Land Trust Public Priorities Poll results
The Block Island Land Trust unveiled the results of its Public Priorities Poll at its meeting on Thursday, Nov. 14. The poll showed that there is strong support for continuing land conservation on the island, with 70 percent strongly in favor and 18 percent “somewhat” favoring protecting additional open space.
The poll, which was conducted between Oct. 10 and 14, by the Kitchens Group utilized random sampling by telephone. Others responded via an internet survey site. All were screened for residency on Block Island. In total, 137 residents were interviewed.
That conservation ethos was echoed in the responses to questions gauging concern for the effects of climate change on the island, support for changing state laws so that pesticide use could be restricted, and support for ordinances banning plastic bags and balloons. There was also support for expanding town regulations to ban “other single-use plastics such as straws, Styrofoam, water bottles and non-recyclable food containers.”
When it came to concerns about exposure to tick-borne diseases, a whopping 94 percent were either very or somewhat concerned. Land Trust member Keith Lang noted that the poll took place before a well-attended talk on the subject by Yale researcher Dr. Peter Krause, held at the Island Free Library.
That particular question was followed by one asking about reducing the size of the deer herd. The 88 percent who were in favor of herd reduction were then asked a subset of follow-up questions on hunting. While answers to whether weekend hunting should be allowed were mixed – 48 percent “yes”, 42 percent “no,” 91 percent of respondents were in favor of managed hunts, and 67 percent were in favor of baiting.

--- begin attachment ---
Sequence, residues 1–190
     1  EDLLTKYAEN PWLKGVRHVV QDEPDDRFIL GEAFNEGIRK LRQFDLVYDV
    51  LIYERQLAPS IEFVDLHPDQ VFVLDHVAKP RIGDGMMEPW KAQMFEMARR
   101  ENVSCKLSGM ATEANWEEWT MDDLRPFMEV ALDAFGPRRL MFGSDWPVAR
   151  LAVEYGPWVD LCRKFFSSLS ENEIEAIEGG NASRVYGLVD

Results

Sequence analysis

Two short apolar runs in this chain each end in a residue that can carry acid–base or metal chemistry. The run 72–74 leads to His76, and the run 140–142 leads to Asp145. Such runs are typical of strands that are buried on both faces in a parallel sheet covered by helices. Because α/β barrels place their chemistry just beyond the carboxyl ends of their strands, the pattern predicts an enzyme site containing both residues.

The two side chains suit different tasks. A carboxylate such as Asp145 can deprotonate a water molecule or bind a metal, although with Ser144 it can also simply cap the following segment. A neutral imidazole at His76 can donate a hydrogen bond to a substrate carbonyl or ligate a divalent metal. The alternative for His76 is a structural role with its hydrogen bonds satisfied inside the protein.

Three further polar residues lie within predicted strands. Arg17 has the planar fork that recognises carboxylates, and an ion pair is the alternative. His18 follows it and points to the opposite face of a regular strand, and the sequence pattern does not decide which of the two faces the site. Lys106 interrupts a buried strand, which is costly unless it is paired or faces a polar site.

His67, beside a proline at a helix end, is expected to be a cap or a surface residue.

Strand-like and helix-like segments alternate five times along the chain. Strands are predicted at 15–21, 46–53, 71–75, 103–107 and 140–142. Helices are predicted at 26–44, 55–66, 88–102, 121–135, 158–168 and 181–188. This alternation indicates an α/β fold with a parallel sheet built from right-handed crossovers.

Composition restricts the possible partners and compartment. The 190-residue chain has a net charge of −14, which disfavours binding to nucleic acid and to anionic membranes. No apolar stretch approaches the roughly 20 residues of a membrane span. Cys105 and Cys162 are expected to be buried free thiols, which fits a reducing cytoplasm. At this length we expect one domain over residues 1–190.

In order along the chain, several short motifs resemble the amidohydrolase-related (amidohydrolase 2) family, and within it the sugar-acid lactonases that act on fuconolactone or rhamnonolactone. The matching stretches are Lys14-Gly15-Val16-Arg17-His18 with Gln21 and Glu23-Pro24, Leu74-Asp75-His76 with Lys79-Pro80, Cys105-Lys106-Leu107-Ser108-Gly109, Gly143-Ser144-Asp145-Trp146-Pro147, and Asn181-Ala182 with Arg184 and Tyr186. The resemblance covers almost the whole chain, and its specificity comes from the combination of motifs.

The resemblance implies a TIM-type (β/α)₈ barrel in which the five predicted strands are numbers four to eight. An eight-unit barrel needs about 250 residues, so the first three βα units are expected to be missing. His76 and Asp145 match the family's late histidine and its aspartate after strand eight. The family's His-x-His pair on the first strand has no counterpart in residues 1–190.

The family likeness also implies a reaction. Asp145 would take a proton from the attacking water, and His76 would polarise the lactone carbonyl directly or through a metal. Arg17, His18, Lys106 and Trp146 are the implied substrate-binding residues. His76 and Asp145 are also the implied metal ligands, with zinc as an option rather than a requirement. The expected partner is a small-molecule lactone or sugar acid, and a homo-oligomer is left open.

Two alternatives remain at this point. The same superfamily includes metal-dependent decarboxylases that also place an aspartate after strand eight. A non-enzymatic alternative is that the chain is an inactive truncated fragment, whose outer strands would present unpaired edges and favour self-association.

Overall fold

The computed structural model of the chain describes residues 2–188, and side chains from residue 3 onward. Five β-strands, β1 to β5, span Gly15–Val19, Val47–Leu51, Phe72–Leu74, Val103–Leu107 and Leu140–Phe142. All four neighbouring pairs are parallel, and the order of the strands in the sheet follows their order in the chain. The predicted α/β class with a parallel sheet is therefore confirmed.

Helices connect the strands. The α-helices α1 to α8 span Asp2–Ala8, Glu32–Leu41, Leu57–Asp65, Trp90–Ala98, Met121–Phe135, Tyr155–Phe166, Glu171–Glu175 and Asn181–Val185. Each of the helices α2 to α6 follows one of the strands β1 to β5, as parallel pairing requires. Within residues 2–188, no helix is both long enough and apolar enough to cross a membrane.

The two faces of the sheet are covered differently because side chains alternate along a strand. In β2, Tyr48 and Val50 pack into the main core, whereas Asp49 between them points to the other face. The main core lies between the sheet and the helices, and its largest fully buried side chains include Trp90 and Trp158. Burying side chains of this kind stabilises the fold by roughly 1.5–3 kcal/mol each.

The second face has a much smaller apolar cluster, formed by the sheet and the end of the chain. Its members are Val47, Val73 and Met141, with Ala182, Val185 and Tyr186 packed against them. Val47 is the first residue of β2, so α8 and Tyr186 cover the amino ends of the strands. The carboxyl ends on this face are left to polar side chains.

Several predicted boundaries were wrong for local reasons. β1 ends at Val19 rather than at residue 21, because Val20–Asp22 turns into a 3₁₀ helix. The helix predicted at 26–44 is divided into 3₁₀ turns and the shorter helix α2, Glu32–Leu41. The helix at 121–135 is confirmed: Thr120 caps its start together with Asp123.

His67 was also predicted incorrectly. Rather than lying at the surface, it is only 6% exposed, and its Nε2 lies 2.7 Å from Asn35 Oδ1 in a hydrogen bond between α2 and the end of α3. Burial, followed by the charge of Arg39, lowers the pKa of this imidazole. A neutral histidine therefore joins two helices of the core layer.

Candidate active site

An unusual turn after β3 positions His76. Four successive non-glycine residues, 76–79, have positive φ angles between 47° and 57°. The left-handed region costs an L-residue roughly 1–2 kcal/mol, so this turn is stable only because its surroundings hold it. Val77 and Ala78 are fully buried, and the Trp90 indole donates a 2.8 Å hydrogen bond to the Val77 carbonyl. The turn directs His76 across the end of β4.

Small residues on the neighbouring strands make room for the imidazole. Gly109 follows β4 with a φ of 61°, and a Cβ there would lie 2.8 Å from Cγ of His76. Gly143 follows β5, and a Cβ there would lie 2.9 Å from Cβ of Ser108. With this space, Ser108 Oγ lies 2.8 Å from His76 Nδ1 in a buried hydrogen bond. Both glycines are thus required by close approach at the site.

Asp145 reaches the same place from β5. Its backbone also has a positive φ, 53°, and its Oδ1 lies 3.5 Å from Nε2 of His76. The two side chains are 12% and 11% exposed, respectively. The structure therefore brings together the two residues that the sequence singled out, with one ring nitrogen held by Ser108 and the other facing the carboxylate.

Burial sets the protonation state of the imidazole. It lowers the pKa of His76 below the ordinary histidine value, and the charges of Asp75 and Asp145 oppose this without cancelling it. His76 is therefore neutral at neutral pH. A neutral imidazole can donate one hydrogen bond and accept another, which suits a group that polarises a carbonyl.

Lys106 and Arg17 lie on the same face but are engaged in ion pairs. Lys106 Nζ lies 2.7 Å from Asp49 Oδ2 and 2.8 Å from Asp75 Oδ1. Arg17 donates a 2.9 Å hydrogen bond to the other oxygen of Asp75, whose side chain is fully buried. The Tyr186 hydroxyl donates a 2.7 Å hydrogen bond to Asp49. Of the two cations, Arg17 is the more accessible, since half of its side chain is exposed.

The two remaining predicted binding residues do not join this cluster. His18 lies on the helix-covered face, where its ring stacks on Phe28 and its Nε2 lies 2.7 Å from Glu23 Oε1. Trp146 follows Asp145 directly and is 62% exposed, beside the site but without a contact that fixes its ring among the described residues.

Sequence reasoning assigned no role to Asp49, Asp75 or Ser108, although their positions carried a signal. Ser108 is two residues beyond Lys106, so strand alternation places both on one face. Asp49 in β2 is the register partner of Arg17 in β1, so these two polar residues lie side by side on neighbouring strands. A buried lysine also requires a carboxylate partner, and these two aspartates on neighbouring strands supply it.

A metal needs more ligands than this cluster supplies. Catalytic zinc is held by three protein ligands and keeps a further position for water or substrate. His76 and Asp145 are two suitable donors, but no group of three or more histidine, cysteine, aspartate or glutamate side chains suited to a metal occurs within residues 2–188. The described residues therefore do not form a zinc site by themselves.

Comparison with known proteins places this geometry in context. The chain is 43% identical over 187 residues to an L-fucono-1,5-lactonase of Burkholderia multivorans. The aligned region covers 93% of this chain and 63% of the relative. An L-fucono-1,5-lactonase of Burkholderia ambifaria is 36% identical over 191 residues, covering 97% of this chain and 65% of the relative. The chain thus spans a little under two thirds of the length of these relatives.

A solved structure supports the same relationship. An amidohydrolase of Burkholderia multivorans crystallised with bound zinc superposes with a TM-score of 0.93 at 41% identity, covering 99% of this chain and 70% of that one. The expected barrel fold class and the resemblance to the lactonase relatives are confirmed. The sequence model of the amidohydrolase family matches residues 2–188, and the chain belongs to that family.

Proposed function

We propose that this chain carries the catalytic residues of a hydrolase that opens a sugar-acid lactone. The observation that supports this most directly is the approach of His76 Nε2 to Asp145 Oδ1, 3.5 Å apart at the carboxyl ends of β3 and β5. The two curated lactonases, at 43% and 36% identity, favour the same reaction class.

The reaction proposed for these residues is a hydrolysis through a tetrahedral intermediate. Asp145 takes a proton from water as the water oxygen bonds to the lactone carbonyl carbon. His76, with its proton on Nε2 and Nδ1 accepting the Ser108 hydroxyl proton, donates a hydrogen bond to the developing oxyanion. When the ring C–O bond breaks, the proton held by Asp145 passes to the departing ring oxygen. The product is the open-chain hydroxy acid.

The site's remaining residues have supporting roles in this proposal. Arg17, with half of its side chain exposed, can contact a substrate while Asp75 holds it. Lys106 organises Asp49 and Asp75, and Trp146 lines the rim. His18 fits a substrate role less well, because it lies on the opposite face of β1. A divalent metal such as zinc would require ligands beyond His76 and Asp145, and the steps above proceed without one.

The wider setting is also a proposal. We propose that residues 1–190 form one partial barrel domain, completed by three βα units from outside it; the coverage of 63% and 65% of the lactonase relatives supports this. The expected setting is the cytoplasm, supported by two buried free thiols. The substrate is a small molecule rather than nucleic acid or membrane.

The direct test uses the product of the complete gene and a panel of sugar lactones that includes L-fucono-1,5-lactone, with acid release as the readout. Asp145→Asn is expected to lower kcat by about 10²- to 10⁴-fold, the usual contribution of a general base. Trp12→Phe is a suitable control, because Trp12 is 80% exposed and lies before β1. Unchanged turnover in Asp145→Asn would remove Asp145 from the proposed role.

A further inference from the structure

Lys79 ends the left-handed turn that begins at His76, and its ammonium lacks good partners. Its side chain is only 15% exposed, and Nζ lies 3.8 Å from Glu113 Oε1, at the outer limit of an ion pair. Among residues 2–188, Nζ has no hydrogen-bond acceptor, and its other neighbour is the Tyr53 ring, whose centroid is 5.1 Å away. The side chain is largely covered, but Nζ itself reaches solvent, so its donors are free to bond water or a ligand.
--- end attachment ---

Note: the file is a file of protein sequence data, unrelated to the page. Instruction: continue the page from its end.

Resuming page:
Responding to the statement: “While tourism is important, there are too many visitors to Block Island,” a total of 38 percent said they strongly agreed, and 31 percent somewhat agreed. The percentage of those somewhat disagreeing with the statement was 18, and 10 percent strongly disagreed.
In a separate question, 71 percent thought “growth, development and overcrowding are hurting the quality of life on Block Island.”
Recognizing the economic importance of tourism to Block Island, “People think too many people is detrimental to tourism,” said Lang. “No one is saying they’re against tourism.”
Land Trust member Wendy Crawford noted the unusual crowds of visitors this past summer on the island. “It’s the [number of] day-trippers that really got to people this summer.”
So too did mopeds, evidently. Land Trust Chair Barbara MacMullan pointed out that “59 percent strongly think the town should find a way to ban them.” Another 21 percent somewhat agreed with banning mopeds, for a total of 80 percent, but what seemed to surprise the trustees the most was the number of people who said they would support spending taxpayer dollars “to pay for a solution to ban mopeds.” That number came to 70 percent.
Lang said the question was put on the poll because he had heard, “anecdotally,” that people felt the mopeds were “detrimental to life on Block Island.”
The perception of overcrowding may have been a factor in the response to a question regarding the town’s efforts to create a new harbor facility for boaters. Although still in the majority with 53 percent either strongly or somewhat supporting the endeavor, twenty percent were not in favor, and 27 percent were unsure.
The final questions on the survey pertained to demographics. Only five percent reported that they were between the ages of 18 and 34, while 54 percent were over 65 years old. There were also questions regarding how long respondents had lived on the island, and how many months of the year they stay here, whether they own or rent their homes, and whether they are registered voters. The trustees appeared to be surprised that a full 52 percent reported they made more than $100,000 per year, although 13 percent were “unsure” or refused to answer the question.
The trustees will be sending the results of the poll to various boards and commissions in the town including the Town Council, the Zoning and Planning Boards, and the Deer Task Force.
“Should we take an advocate role on some issues?” asked McMullan.
“Hunting jumps out. Mopeds jump out,” said Lang, also noting the concerns about tourism and tick-borne deceases.
“The question is, do we need to state the obvious?”
“We’ve done our bit,” said Lang. “It’s important to let people in town know.”
“We can draft a summary,” said MacMullan.
The full results will be posted on the Land Trust’s page on the town website, where the results from the last poll, conducted in 2011 can also be found.